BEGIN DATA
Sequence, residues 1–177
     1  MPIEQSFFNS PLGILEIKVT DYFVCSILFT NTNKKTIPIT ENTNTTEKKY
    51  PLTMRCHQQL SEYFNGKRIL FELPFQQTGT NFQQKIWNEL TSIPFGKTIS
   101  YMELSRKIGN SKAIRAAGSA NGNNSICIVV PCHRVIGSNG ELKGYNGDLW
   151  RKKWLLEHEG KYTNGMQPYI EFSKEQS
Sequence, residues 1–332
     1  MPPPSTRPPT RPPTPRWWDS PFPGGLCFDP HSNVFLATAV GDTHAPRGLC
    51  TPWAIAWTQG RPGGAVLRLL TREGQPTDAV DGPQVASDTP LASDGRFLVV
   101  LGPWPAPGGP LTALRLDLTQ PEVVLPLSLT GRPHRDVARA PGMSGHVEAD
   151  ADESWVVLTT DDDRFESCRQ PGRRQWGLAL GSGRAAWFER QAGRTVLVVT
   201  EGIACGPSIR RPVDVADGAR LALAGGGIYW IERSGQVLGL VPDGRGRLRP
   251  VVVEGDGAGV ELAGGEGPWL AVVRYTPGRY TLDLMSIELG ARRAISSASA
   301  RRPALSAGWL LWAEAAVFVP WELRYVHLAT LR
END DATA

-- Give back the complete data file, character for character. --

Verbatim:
Sequence, residues 1–177
     1  MPIEQSFFNS PLGILEIKVT DYFVCSILFT NTNKKTIPIT ENTNTTEKKY
    51  PLTMRCHQQL SEYFNGKRIL FELPFQQTGT NFQQKIWNEL TSIPFGKTIS
   101  YMELSRKIGN SKAIRAAGSA NGNNSICIVV PCHRVIGSNG ELKGYNGDLW
   151  RKKWLLEHEG KYTNGMQPYI EFSKEQS
Sequence, residues 1–332
     1  MPPPSTRPPT RPPTPRWWDS PFPGGLCFDP HSNVFLATAV GDTHAPRGLC
    51  TPWAIAWTQG RPGGAVLRLL TREGQPTDAV DGPQVASDTP LASDGRFLVV
   101  LGPWPAPGGP LTALRLDLTQ PEVVLPLSLT GRPHRDVARA PGMSGHVEAD
   151  ADESWVVLTT DDDRFESCRQ PGRRQWGLAL GSGRAAWFER QAGRTVLVVT
   201  EGIACGPSIR RPVDVADGAR LALAGGGIYW IERSGQVLGL VPDGRGRLRP
   251  VVVEGDGAGV ELAGGEGPWL AVVRYTPGRY TLDLMSIELG ARRAISSASA
   301  RRPALSAGWL LWAEAAVFVP WELRYVHLAT LR